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Estimating the Impacts of Educational Interventions Using State Tests or Study-Administered Tests
Meredith Bachman (ed)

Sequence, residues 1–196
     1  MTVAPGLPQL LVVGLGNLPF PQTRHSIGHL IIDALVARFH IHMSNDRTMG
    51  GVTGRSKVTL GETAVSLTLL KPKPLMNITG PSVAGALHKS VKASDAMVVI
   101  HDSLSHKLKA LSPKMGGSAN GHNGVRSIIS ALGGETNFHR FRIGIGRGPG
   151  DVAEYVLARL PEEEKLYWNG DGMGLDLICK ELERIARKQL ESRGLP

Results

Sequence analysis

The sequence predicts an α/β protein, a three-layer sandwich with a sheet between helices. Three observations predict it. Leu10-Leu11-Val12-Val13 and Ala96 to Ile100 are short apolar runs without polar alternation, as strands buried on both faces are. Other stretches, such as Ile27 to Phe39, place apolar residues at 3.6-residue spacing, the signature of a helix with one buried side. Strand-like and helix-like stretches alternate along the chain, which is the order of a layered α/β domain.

Many evaluations of educational interventions estimate the impacts of the intervention on student achievement. A key design question for these evaluations is how to measure student achievement. While some evaluations aim to estimate an interventionäó»s impacts on some specific subdomain, many evaluations are focused on achievement in reading or mathematics more generally. Therefore, many evaluations face the challenge of deciding how to obtain general measures of reading and/or mathematics achievement for the students in the study sample. Since the passage of the No Child Left Behind Act (NCLB) in 2001, states have been required to test students in both reading and mathematics in every grade between grades 3 and 8, and in at least one grade in high school. Furthermore, some states and districts have been willing to provide data on student scores on these tests for federally funded evaluations. This report shows that state assessments provide a relatively inexpensive and increasingly accessible source of data on student achievement. In the past, rigorous evaluations of educational interventions typically administered standardized tests selected by the researchers ("study-administered tests") to measure student achievement outcomes. Increasingly, researchers are turning to the lower cost option of using state assessments for measures of student achievement. Tables and figures. This is a print on demand report.
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